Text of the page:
It wasn’t until the late 1980s that testing was done for delivering fentanyl through a transdermal patch for the treatment of cancer-related pain and noncancer chronic pain. Later, oral transmucosal delivery of fentanyl was made available for cancer breakthrough pain. Each of these new uses of fentanyl exposed millions of Americans to the drug without evidence of an inordinate degree of harm if it was used as directed.

In contrast, nonpharmaceutical fentanyl has caused enormous harm. But as illicit use of the drug proliferates, so do myths about its dangers. McDonnell’s memo fits into an overarching narrative that bestows almost magical properties on fentanyl.

What's Behind the Fentanyl Panic?

The opioid crisis is real and the use of illicit fentanyl is often lethal. But mischaracterizing the effects of fentanyl may be only a political maneuver. 

In New York Magazine, Sarah Jones wrote about a 2017 Bloomberg News story that claimed fentanyl “is so potent that even a small amount — the equivalent of a few grains of salt — can be lethal.”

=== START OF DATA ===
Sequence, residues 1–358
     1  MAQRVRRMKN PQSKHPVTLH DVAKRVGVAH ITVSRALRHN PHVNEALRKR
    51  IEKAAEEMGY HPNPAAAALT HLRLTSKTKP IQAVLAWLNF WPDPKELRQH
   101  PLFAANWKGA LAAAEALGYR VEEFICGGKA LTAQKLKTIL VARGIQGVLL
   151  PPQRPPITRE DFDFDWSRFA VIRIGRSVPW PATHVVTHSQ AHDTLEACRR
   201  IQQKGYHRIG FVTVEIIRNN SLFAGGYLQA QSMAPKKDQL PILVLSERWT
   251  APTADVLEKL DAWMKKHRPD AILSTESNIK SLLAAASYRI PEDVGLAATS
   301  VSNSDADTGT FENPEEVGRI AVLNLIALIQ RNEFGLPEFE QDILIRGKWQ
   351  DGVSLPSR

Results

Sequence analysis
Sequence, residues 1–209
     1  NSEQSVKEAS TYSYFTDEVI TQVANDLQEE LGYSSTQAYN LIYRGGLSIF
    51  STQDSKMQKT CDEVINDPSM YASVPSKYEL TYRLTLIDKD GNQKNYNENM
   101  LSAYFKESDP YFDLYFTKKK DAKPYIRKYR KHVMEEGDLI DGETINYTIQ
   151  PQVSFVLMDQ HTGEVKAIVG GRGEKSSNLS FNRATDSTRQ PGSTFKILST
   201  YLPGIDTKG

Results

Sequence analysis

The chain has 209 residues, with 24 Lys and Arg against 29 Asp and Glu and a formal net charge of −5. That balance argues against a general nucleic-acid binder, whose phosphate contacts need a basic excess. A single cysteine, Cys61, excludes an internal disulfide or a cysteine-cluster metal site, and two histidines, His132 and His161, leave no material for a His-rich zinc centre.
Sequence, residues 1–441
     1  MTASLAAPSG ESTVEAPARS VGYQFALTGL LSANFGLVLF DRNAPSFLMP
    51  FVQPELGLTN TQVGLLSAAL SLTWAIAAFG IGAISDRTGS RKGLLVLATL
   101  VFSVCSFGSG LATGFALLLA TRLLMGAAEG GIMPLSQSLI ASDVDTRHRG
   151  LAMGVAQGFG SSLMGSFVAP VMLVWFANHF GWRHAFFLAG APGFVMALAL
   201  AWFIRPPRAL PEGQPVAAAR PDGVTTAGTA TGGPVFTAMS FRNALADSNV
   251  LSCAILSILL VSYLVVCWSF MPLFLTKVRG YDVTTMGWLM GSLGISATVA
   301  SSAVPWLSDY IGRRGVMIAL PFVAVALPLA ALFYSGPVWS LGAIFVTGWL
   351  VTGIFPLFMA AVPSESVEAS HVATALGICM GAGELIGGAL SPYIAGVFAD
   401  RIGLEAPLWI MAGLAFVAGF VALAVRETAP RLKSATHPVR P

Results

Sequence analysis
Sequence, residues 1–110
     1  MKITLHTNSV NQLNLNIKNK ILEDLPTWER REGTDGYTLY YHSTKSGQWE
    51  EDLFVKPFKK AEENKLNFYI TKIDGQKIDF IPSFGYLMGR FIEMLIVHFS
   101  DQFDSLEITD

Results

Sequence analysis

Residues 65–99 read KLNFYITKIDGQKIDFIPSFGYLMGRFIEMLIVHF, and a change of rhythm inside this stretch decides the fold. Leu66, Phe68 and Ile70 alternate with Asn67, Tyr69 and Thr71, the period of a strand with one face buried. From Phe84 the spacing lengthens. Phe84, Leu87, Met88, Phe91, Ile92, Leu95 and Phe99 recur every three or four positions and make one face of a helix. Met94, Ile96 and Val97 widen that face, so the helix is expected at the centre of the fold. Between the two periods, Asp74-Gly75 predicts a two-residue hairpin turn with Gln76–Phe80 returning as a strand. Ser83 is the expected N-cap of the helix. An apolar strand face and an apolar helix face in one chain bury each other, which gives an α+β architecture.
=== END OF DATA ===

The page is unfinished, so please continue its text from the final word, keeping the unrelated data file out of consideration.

“This isn’t really true,” wrote Jones. “You can’t get high or become ill simply by touching fentanyl, but police departments often claim otherwise. They report dramatic, but varied, symptoms that don’t mesh with established scientific evidence about fentanyl and the way it’s absorbed by the human body.” 

As Jones points out, Homeland Security’s WMD division has experienced a decline in funding because of the Trump administration’s focus on immigration and building a wall at the border. One way to reclaim some of that money for the WMD division is to build a case against fentanyl. 

Other drugs, such as ricin, pose greater risks and are probably more lethal than fentanyl as WMD’s. However, the word "fentanyl" packs a far larger emotional punch than ricin does because of the public's familiarity with it.  

WMDs are meant to kill the maximum number of people is the shortest amount of time. On the other hand, fentanyl -- even when it is laced with heroin -- is not intended to kill people. Drug cartels want to make money. Their goal isn't to murder their customers

Protecting Access to Legitimate Fentanyl 

The opioid crisis is now largely driven by nonpharmaceutical fentanyl and fentanyl analogs, not prescription fentanyl. Solving the opioid problem will require greater efforts to reduce the illegal production and distribution of illicit fentanyl. 

Could fentanyl be weaponized and used to attack citizens? Maybe, but not easily.  

The Pentagon realized the harm that an opioid attack could cause when the Russian military used aerosolized carfentanil -- a highly potent fentanyl analog --  against terrorists who had taken over a theater in Moscow in 2002. The drug killed dozens of innocent hostages and their captors, and it put the U.S. on notice that opioids could be weaponized.